Victims of institutional abuse in Northern Ireland have not given up hope of progress, one campaigner has said.
Jon McCourt said draft legislation ensuring compensation for those harmed over many decades in residential homes run by the state and members of religious orders could be carried forward into the next Westminster session.
It may not become law before Parliament’s suspension in September.
Mr McCourt, from the north west, said he would be writing to parliamentarians urging them to agree to pursue the matter further.
“I think at this point, until it goes down, I won’t write it off.
“It is like the carrot and the stick then the stick grows longer.”
He said unfinished legislation could be carried forward on an exceptional basis.
Margaret McGuckin, from victims’ group Savia, believed the Northern Ireland Secretary had been seeking a slot in early autumn to bring forward a draft law.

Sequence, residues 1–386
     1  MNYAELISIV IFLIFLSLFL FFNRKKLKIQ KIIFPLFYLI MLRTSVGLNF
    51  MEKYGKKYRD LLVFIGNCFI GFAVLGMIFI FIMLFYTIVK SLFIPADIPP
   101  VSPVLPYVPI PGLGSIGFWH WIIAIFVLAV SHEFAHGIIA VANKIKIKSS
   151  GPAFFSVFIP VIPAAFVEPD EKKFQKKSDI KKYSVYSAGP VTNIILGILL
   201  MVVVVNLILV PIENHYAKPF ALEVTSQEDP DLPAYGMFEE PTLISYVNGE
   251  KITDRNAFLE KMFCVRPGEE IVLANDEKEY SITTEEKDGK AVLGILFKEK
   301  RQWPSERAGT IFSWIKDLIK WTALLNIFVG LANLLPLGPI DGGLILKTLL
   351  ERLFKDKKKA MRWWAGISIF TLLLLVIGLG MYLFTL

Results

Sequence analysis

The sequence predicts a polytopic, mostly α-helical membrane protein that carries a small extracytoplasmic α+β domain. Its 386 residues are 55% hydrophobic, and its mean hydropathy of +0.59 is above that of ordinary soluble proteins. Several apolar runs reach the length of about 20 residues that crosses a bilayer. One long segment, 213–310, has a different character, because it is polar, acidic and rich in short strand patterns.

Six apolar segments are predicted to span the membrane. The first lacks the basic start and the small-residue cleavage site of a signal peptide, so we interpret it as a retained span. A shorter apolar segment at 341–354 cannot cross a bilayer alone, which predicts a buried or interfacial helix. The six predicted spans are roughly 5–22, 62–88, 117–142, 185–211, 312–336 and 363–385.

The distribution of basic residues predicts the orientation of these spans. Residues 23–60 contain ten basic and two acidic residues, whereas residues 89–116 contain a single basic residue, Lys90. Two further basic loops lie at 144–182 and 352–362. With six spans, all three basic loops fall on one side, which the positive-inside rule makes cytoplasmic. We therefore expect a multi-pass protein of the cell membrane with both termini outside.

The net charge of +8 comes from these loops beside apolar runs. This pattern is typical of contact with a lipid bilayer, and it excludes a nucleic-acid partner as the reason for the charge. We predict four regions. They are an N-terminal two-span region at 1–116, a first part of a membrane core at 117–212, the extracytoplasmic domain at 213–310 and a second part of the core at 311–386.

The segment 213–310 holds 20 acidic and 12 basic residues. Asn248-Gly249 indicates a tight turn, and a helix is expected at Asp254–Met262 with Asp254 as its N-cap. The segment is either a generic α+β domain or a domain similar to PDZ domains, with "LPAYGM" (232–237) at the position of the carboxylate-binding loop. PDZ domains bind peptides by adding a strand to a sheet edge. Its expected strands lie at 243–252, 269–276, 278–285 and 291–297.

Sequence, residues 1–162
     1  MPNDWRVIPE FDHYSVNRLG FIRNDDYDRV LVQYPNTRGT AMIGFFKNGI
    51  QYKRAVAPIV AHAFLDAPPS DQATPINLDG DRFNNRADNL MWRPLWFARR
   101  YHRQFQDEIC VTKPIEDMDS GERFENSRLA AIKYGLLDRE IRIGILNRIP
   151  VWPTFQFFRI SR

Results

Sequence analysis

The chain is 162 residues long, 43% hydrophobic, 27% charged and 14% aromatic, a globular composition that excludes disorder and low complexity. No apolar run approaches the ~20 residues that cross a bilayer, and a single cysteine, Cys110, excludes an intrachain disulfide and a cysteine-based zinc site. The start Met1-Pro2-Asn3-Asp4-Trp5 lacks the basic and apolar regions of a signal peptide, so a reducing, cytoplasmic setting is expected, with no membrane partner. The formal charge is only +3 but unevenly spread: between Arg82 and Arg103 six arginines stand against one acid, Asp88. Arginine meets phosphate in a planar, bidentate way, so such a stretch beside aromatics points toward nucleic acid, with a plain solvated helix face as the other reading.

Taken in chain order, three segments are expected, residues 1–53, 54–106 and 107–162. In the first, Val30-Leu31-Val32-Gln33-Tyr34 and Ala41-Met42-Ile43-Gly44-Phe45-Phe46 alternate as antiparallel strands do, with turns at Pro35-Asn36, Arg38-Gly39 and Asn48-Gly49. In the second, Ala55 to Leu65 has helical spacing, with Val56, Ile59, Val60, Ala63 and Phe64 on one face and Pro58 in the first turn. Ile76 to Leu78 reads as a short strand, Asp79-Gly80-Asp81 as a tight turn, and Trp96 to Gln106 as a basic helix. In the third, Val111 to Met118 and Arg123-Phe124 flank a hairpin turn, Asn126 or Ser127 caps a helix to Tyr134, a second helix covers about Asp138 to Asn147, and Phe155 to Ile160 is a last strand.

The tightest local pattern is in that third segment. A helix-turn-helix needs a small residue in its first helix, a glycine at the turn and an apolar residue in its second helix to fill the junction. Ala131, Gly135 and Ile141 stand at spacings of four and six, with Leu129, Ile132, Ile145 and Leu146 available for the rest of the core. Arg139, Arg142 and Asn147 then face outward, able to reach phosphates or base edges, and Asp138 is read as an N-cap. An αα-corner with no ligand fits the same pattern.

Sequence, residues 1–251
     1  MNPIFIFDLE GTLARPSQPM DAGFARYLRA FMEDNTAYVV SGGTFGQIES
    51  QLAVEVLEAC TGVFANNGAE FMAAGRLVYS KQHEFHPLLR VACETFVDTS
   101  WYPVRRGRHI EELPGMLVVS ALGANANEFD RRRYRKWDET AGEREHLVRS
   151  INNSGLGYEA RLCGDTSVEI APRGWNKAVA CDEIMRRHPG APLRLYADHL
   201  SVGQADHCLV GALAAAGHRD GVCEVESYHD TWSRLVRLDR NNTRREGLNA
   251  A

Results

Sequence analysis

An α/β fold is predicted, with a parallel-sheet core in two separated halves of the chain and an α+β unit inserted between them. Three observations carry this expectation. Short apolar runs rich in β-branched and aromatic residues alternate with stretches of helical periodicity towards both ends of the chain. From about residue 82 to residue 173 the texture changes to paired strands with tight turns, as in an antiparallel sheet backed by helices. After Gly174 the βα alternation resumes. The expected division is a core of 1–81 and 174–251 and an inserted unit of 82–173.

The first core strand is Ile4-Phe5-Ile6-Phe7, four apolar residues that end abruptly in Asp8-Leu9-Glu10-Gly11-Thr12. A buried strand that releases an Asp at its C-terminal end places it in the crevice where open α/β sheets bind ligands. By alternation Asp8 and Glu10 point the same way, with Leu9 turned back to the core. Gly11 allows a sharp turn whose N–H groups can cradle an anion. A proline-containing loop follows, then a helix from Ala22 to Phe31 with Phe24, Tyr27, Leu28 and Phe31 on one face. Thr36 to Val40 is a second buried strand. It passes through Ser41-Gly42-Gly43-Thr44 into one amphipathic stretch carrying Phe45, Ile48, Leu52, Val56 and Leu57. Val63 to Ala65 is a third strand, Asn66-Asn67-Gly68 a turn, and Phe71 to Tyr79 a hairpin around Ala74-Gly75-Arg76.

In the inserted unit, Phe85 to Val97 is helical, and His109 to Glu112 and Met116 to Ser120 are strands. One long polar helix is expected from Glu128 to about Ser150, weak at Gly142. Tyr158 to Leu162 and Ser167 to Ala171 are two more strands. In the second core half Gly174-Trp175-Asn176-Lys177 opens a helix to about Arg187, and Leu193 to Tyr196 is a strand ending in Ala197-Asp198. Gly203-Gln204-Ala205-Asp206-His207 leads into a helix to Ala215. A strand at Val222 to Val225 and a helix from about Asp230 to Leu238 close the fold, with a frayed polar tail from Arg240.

She said the Government could authorise interim payments to survivors without further parliamentary process.
Former senior judge Sir Anthony Hart held one of the UK’s biggest public inquiries into child abuse from a disused courthouse in Banbridge, Co Down.
He recommended compensation and a series of other measures after investigating decades of physical, sexual and emotional abuse at residential homes run by clergy and the state.